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New Jersey Inshore Saltwater Fishing Report 5-24-18


A couple of 40-pound striped bass were weighed at <b>Dockside Bait & Tackle</b>, Rich said. Stripers were boated at Old Orchard Shoal and Chapel Hill Channel on Raritan Bay, and began to be boated on the ocean. A 45-pounder was docked at the shop yesterday from the ocean just off Sandy Hook. Mojos and bunker-chunks caught stripers. Bluefish began to show up in the bay and were boated. How big? Some were decent-sized, he said, and a customer pasted an 11-pound blue. Small stripers were sandwormed from piers including Sewaren, Carteret and Woodbridge. Some anglers still banked stripers from the surf at Laurence Harbor. The store will be loaded with bait for fluke for Friday’s opening of fluke season. Baits stocked also include fresh bunker, salted clams and sandworms.  Dockside, located on Smith Creek, a tributary of the Arthur Kill, is accessible from land and water at the fuel dock. The fuel dock is open 6 a.m. to 8 p.m.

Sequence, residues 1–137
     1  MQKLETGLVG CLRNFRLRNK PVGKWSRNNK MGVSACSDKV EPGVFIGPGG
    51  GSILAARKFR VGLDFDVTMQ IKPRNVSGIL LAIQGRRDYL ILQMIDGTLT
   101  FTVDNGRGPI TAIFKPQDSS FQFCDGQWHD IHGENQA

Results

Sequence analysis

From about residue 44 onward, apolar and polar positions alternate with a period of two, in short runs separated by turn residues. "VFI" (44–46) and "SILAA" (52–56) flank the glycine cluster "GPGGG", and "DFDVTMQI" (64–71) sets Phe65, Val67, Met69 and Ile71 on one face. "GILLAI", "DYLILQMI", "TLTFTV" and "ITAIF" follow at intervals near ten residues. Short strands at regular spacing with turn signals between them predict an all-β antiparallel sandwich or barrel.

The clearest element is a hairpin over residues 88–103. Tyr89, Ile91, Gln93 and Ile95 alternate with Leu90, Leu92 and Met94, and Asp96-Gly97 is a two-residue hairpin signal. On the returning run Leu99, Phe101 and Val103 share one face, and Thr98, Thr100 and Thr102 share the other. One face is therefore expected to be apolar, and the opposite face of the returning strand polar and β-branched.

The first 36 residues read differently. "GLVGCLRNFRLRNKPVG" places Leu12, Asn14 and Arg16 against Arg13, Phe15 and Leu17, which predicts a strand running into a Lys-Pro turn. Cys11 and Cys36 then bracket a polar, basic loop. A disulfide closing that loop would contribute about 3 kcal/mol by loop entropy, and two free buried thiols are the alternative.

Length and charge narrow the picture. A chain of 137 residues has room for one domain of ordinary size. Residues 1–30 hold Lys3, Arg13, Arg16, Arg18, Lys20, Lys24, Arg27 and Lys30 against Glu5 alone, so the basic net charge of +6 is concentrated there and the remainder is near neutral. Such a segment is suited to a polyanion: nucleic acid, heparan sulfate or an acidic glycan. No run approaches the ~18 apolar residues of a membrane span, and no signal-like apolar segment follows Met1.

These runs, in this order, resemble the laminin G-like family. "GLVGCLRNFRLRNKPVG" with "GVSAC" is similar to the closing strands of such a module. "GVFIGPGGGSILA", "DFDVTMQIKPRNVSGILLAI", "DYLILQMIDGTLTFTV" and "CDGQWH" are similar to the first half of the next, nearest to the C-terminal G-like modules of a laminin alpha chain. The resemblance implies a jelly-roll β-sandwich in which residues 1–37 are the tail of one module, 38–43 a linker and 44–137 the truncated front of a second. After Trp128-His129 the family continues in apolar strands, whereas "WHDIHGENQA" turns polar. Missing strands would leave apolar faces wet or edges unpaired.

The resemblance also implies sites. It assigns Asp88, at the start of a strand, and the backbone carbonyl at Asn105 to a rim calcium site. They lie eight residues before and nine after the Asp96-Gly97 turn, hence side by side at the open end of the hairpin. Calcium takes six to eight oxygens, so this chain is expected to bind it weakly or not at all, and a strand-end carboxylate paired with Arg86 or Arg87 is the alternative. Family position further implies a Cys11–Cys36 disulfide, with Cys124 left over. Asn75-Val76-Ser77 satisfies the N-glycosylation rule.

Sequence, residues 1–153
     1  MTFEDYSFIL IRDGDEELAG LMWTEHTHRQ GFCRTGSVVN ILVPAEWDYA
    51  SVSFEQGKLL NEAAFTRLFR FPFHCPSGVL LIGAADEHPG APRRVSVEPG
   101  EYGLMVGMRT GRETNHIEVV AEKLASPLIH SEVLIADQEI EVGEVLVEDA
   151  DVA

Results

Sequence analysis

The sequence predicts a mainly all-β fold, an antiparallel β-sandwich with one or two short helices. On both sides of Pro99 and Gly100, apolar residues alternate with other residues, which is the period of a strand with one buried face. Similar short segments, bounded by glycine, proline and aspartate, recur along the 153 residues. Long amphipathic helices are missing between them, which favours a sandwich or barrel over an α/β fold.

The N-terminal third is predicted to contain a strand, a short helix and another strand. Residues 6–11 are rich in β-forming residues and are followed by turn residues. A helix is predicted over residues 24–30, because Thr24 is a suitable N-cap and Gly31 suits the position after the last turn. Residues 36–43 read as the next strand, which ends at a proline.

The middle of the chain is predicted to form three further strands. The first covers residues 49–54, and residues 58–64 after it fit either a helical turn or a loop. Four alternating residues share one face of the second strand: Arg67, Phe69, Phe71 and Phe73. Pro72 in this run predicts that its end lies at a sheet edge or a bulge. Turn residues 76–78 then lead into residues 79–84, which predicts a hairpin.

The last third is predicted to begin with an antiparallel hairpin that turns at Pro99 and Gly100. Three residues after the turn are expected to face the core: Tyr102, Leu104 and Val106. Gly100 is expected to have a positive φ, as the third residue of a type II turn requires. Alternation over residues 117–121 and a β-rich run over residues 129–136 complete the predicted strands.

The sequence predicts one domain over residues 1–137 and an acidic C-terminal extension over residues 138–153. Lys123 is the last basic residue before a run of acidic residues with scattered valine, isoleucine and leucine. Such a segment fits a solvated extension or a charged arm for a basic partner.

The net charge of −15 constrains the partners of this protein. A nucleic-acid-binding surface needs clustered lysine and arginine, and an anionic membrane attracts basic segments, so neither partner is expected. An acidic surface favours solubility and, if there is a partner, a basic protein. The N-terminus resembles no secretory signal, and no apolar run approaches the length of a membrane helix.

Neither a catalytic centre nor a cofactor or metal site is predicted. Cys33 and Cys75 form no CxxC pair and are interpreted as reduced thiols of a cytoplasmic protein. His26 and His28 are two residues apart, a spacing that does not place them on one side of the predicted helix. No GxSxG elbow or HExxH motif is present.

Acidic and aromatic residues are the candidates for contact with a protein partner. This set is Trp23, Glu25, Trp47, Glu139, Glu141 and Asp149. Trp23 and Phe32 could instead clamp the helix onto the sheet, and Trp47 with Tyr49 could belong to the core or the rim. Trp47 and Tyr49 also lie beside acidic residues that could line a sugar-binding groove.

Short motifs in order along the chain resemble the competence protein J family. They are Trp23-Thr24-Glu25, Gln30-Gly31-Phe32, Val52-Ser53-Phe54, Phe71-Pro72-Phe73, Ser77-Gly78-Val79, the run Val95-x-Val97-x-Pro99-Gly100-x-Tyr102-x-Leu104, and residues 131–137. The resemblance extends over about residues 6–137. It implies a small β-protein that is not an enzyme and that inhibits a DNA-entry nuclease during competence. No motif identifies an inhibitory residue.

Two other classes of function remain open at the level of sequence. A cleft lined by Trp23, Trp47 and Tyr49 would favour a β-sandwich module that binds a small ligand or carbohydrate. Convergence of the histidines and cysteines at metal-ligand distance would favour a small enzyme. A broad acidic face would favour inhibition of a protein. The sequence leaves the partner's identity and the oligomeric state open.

Good striped bass fishing continued aboard Raritan Bay, and the stripers began to bite bunker chunks, said Capt. Mario from the <b>Down Deep Fleet</b>. Sea bass fishing broke wide open on the ocean aboard. First, the striper fishing. The bass bit the chunks in addition to cast rubber shads and trolling that previously caught and still did. The Down Deep Bull, one of the company’s two boats, is fishing for stripers on open-boat trips at 6 a.m. daily. Watch <a href="" target="_blank">Down Deep’s Facebook page</a> for dates of fluke trips that will begin once fluke season is opened Friday. Trips for fluke will include open trips for stripers and fluke at 1 p.m. Wednesdays, Fridays and Saturdays. The sea bass fishing, on the Down Deep, the company’s other boat, smoked the fish to 5 ½ pounds, with big ling and keeper cod mixed in. The high hook the past few days landed 30 keeper sea bass, keeping no more than a limit. Open trips are fishing for sea bass and other bottom fish daily. Charters are available, and each boat accommodates up to 15 passengers, and features amenities including a full galley and large cockpit. Sign up for the Short Notice List on <a href="" target="_blank">Down Deep’s website</a> for special trips and the weekly schedule of spaces available on open trips. Look for the link underneath “Contact.”